Tesla chief executive Elon Musk has admitted that developing self-driving technology is harder than he first thought.
The admission came on Twitter over the weekend, when Musk replied to a Tesla owner who had changed the name of their vehicle to 'Two Weeks' – a reference to Musk's promise that an updated version of Autopilot would arrive within that time frame. That deadline has since been missed.
Musk replied to gentle trolling: "Haha, FSD [full self-driving] 9 beta is shipping soon, I swear! Generalized self-driving is a hard problem, as it requires solving a large part of real-world AI. Didn't expect it to be so hard, but the difficulty is obvious in retrospect."
Musk added: "Nothing has more degrees of freedom than reality."
The Tesla boss first promised one of his cars would be able to drive itself across the US without human help in 2017. But that target came and went, and four years later the goal is still yet to be realized.
As for Tesla's full self-driving system, which is a $10,000 upgrade on the regular Autopilot system fitted to Tesla cars, this was supposed to provide full automation in 2018, then 2019. Although it has improved over the years, a truly driverless Tesla available to the public still doesn't exist.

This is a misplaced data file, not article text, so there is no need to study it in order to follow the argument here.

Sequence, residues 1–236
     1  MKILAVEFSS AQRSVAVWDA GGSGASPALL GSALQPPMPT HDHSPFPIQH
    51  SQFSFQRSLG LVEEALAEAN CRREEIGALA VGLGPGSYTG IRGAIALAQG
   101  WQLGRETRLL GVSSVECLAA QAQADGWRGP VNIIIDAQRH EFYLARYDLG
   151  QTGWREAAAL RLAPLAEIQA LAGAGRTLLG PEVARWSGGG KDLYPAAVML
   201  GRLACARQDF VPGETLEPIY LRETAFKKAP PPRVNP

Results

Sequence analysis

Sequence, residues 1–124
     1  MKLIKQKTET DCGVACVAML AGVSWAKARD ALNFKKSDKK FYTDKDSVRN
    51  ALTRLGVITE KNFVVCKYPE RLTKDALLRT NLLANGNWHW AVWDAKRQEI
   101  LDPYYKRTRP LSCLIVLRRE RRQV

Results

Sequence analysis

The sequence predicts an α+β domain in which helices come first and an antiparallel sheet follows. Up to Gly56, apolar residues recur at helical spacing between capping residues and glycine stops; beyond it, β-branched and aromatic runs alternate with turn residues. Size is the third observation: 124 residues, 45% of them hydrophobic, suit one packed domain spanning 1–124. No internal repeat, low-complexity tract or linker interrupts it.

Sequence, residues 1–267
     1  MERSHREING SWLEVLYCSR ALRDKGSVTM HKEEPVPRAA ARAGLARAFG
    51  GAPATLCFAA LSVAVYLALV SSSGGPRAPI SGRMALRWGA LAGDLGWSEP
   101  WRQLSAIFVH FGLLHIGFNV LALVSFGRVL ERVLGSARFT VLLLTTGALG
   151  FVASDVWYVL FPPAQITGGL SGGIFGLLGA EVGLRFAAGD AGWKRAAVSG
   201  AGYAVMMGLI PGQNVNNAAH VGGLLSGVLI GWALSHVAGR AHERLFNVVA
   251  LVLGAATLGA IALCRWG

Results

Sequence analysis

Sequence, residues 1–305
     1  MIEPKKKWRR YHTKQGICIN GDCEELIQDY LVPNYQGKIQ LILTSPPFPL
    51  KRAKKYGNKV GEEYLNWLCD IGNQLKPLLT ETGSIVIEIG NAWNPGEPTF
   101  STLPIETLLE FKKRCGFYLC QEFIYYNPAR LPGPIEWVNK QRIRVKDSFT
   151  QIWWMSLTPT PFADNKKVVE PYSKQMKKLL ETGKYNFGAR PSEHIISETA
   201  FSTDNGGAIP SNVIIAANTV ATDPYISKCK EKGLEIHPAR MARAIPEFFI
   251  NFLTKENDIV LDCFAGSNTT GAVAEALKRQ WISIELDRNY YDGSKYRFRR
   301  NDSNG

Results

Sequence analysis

Haha, FSD 9 beta is shipping soon, I swear!
Generalized self-driving is a hard problem, as it requires solving a large part of real-world AI. Didn't expect it to be so hard, but the difficulty is obvious in retrospect.
Nothing has more degrees of freedom than reality. — Elon Musk (@elonmusk) July 3, 2021
Autopilot is due to receive a major update with the release of the FSD 9 beta, with it being the first installment to incorporate the new Tesla Vision system. This relies entirely on cameras and AI-powered computer vision instead of a combination of radars and cameras, as used by the driver assistance systems of other automakers.
If Tesla can eventually deliver on Musk's promise of an Autopilot system that no longer requires human intervention, or even supervision, then the next step could be to turn Teslas into a fleet of autonomous taxis, earning money for their owners while they sleep or are at the office – something Musk promised would be ready by 2020.